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Title page for ETD etd-07072010-154628


Type of Document Dissertation
Author He, Wenjuan
URN etd-07072010-154628
Title Examination of the Cytoprotective Role of Sirtuin-1 in the Renal Medulla
Degree PhD
Department Molecular Physiology and Biophysics
Advisory Committee
Advisor Name Title
Roland Stein Committee Chair
Ann Richmond Committee Member
Eric Delpire Committee Member
Roy Zent Committee Member
Keywords
  • Oxidative stress
  • renal medulla
  • sirtuin
Date of Defense 2010-04-05
Availability unrestricted
Abstract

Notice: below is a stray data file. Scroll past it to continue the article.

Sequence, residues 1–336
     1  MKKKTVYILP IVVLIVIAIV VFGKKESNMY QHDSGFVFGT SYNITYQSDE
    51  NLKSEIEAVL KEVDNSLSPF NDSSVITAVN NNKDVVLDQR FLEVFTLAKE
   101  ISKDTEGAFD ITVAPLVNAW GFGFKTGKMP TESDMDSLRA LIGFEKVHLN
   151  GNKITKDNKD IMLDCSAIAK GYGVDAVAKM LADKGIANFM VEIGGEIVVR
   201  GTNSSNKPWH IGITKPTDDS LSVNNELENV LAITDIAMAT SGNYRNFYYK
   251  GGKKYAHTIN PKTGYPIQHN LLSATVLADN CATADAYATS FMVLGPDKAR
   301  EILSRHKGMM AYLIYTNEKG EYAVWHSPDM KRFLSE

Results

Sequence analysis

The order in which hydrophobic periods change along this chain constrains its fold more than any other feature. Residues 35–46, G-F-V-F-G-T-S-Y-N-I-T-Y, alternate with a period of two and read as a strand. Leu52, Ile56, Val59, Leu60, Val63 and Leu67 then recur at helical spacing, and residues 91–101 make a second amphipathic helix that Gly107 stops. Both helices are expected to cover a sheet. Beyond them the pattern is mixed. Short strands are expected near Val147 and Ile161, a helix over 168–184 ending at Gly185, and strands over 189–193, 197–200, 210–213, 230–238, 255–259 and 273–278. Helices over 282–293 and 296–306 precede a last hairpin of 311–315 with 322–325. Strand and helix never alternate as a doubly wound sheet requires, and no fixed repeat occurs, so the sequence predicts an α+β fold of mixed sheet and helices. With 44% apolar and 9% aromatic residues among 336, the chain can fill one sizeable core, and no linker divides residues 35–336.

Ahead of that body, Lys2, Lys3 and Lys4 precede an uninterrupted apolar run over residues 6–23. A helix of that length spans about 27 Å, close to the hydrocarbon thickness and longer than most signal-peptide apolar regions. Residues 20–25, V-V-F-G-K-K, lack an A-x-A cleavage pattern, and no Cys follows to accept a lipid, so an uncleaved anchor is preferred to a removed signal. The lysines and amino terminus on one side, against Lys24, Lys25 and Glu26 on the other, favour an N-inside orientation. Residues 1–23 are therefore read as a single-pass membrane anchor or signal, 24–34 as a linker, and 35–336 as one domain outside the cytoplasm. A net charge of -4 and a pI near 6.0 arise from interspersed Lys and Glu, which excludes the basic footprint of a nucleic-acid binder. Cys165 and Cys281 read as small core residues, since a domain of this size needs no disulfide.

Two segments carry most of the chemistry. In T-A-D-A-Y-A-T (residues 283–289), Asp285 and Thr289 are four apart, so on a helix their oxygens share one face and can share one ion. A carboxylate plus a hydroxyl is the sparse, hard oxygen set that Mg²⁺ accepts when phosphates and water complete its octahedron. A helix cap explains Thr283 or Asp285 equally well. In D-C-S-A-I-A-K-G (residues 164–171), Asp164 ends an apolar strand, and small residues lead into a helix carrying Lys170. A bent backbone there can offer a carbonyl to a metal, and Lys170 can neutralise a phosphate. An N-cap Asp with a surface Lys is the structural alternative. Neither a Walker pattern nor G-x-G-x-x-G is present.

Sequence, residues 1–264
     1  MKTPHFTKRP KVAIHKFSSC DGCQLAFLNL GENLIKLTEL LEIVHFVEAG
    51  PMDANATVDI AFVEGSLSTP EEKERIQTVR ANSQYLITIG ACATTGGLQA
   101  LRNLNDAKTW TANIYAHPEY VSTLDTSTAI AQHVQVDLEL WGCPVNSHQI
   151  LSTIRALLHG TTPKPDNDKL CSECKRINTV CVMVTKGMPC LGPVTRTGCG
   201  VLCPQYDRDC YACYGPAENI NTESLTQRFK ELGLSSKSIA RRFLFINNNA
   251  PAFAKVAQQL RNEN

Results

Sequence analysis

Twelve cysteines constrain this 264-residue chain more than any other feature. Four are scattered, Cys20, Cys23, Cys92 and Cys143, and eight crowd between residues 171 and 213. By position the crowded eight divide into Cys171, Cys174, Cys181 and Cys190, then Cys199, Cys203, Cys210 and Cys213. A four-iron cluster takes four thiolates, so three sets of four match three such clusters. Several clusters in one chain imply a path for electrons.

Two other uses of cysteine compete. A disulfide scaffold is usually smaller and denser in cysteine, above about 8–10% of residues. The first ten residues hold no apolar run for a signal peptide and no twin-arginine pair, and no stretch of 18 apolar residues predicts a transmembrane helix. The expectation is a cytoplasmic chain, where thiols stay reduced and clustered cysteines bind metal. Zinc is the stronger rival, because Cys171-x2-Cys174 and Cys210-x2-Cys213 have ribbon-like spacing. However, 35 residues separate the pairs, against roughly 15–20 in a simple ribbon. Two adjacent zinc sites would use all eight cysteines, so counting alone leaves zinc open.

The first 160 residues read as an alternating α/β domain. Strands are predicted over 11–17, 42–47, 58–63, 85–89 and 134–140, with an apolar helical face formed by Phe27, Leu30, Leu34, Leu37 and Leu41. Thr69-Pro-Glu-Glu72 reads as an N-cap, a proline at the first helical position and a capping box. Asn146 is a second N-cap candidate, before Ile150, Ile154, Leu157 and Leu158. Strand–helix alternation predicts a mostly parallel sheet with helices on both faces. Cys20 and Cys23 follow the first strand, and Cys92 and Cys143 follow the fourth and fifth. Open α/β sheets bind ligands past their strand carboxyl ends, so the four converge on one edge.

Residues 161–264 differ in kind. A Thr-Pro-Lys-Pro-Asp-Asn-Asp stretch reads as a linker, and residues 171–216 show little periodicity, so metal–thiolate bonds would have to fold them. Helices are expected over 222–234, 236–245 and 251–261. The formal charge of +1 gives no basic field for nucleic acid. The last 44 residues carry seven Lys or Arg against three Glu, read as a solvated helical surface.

Sirtuin 1 (Sirt1) is a NAD+-dependent deacetylase that exerts many of the pleiotropic effects of oxidative metabolism. Due to local hypoxia and hypertonicity, the renal medulla is subject to extreme oxidative stress. Here, we set out to investigate the role of Sirt1 in the kidney. Our initial analysis indicated that it was abundantly expressed in mouse renal medullary interstitial cells in vivo. Knocking down Sirt1 expression in primary mouse renal medullary interstitial cells substantially reduced cellular resistance to oxidative stress, while pharmacologic Sirt1 activation using either resveratrol or SRT2183 improved cell survival in response to oxidative stress. The unilateral ureteral obstruction (UUO) model of kidney injury induced markedly more renal apoptosis and fibrosis in Sirt1+/¨C mice than in wild-type controls, while pharmacologic Sirt1 activation substantially attenuated apoptosis and fibrosis in wild-type mice. Moreover, Sirt1 deficiency attenuated oxidative stress¨Cinduced COX2 expression in cultured mouse renal medullary interstitial cells, and Sirt1+/¨C mice displayed reduced UUO-induced COX2 expression in vivo. Conversely Sirt1 activation increased renal medullary interstitial cell COX2 expression both in vitro and in vivo. Furthermore, exogenous PGE2 markedly reduced apoptosis in Sirt1-deficient renal medullary interstitial cells following oxidative stress. Taken together, these results identify Sirt1 as an important protective factor for mouse renal medullary interstitial cells following oxidative stress and suggest that the protective function of Sirt1 is partly attributable to its regulation of COX2 induction. We therefore suggest that Sirt1 provides a potential therapeutic target to minimize renal medullary cell damage following oxidative stress.
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